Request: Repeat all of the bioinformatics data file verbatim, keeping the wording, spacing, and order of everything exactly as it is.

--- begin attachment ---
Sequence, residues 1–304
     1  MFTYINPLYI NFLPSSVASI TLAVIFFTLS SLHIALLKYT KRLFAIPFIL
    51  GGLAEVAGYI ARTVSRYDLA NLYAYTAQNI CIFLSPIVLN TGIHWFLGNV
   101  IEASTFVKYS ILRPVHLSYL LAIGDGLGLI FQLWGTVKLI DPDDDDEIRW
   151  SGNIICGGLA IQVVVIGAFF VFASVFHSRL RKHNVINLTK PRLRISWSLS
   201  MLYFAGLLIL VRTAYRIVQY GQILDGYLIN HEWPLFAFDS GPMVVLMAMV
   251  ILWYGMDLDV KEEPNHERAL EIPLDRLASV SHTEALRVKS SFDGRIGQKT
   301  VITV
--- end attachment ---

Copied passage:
Sequence, residues 1–304
     1  MFTYINPLYI NFLPSSVASI TLAVIFFTLS SLHIALLKYT KRLFAIPFIL
    51  GGLAEVAGYI ARTVSRYDLA NLYAYTAQNI CIFLSPIVLN TGIHWFLGNV
   101  IEASTFVKYS ILRPVHLSYL LAIGDGLGLI FQLWGTVKLI DPDDDDEIRW
   151  SGNIICGGLA IQVVVIGAFF VFASVFHSRL RKHNVINLTK PRLRISWSLS
   201  MLYFAGLLIL VRTAYRIVQY GQILDGYLIN HEWPLFAFDS GPMVVLMAMV
   251  ILWYGMDLDV KEEPNHERAL EIPLDRLASV SHTEALRVKS SFDGRIGQKT
   301  VITV